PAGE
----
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Some raise ethical questions as DeSantis campaigns while governing

DeSantis, of course, isn’t the first candidate to launch a presidential campaign while holding elected office.
 
Republican presidential candidate Florida Gov. Ron DeSantis speaks at an annual Basque Fry at the Corley Ranch in Gardnerville, Nev., Saturday, June 17, 2023.
Republican presidential candidate Florida Gov. Ron DeSantis speaks at an annual Basque Fry at the Corley Ranch in Gardnerville, Nev., Saturday, June 17, 2023. [ ANDY BARRON | AP ]
Published June 22, 2023|Updated June 22, 2023

TALLAHASSEE — When Republican Gov. Ron DeSantis traveled to Fort Pierce to sign the state budget, the traditionally policy-heavy event quickly turned political when he was asked about recent criticism from his longtime political foe, California Gov. Gavin Newsom.

“What I would tell him is, you know what, stop pussy-footing around,” DeSantis, a GOP presidential candidate, said with a smirk. “Are you going to throw your hat in the ring and challenge Joe [Biden] or are you just going to sit on the sidelines and chirp?”

Within the hour, DeSantis’ campaign was selling “Chirping from the Sidelines” T-shirts for $34. The merchandise — featuring the governor’s quote alongside a “RD24″ campaign logo — was up on the campaign’s online store before his office released details of the $116.5 billion state budget to the public.

The sequence of events is a snapshot of a conflict politicians have long faced as they hold one office and run for reelection or higher office. DeSantis has even suggested Newsom, who has been reelected and is not a current candidate, was using his public office for political gain.

But DeSantis’ pursuit of a presidential bid has Republicans and Democrats questioning whether he values the traditional separation between his role as the governor for all of Florida, and his role as the candidate seeking the GOP nomination for president.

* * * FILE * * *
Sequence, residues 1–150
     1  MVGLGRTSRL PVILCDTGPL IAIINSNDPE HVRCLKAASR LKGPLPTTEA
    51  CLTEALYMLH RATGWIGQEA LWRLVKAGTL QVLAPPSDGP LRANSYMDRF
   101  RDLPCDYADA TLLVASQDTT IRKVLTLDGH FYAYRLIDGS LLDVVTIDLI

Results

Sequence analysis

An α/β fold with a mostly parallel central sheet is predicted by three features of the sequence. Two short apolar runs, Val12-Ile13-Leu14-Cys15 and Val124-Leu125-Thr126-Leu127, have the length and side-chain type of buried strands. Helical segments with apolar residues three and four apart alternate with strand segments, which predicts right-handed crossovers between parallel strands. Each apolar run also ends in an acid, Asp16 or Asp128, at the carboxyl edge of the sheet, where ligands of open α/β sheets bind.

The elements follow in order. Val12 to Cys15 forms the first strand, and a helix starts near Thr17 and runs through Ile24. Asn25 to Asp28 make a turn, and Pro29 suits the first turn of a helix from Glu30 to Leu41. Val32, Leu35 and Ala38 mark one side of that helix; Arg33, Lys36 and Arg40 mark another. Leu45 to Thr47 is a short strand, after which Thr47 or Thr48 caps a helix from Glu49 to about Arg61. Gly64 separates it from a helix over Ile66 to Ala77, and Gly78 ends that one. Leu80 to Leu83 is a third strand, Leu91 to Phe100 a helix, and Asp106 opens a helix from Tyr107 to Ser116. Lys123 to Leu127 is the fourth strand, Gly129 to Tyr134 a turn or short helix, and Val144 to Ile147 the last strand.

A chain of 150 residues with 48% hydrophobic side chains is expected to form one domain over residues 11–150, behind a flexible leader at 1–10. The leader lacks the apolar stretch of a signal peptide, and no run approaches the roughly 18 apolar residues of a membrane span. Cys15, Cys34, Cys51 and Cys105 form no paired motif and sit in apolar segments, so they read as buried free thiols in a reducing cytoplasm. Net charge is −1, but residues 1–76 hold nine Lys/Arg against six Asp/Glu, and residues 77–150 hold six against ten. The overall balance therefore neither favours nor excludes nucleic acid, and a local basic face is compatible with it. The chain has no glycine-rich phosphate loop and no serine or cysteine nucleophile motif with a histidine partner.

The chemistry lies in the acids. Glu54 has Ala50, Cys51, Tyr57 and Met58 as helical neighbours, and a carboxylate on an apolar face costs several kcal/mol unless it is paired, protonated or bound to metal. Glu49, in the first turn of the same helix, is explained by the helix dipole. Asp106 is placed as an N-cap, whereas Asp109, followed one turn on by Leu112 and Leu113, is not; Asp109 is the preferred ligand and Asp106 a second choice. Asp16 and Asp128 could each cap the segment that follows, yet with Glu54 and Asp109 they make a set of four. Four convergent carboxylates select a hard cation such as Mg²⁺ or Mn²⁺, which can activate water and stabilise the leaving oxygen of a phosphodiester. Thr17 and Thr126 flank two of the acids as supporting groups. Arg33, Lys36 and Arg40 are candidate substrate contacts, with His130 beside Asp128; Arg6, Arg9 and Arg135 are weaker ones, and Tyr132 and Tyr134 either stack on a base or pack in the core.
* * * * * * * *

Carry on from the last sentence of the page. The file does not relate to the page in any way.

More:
Those questions have led to a state ethics complaint and a state elections complaint against DeSantis and his aides, who have been seen as increasingly blurring the lines between official state business and political work meant to advance DeSantis’ political aspirations. There are also two federal complaints alleging campaign finance law violations related to the governor’s super PAC.

Some recent examples:

  • Top deputies in the DeSantis administration, including the governor’s chief of staff, have solicited donations for his presidential campaign, an unprecedented shift from the traditional separation between the governor’s suite and the campaign.

The fundraising efforts, first reported by NBC News and confirmed independently by the Times/Herald, have been publicly defended by DeSantis’ office as appropriate because his staff was campaigning in “their free time.” Those actions, however, are now at the center of an ethics complaint filed Wednesday by Nikki Fried, the chairperson of the Florida Democratic Party.

  • A day after announcing his bid for president on Twitter alongside Elon Musk, DeSantis signed legislation benefiting spacelift companies such as SpaceX, a company controlled by Musk.
  • In the lead-up to the campaign’s launch, DeSantis’ aides sought endorsements from state lawmakers at a time when their budget and legislative priorities were still awaiting a decision from DeSantis. The action left some GOP lawmakers with the impression that their projects could be at risk if they did not endorse.
  • One Republican state senator who endorsed former President Donald Trump has accused the governor of slashing funding for his district for political reasons.
  • On social media, DeSantis’ taxpayer-funded state communications staff regularly promotes the political side and attacks the governor’s political foes. When criticized for it, they say the First Amendment protects their political commentary. They also argue they are not doing so “while on duty,” although many times posts happen in the middle of the day on weekdays.
  • Florida election officials quietly made changes to long-standing rules that have legally allowed DeSantis to transfer $82 million from his state-level political committee to an affiliated Super PAC, Never Back Down, which DeSantis’ campaign has allowed to take the lead on field organizing. In prior years, such transfers of funds were not allowed.
  • For the first time in modern political history, the governor has exempted himself from public records disclosure as he crisscrosses the country for campaign fundraisers and events. His travel — as well as the people who travel with him — are shielded from public records. So are the names of those he invites to the governor’s mansion in Tallahassee — where DeSantis has hosted Republican donors.
  • And, while, like most politicians, he touts policies on the campaign trail that are in sync with those he advances in office, he has been more ostentatious than previous governors in using state taxpayer resources to make his point outside of Florida. For instance, he is spending millions of taxpayer dollars to pursue out-of-state immigration efforts, which comprise a major theme in his presidential campaign. Most recently, the state sent two flights with roughly 30 South American asylum seekers from Texas to California.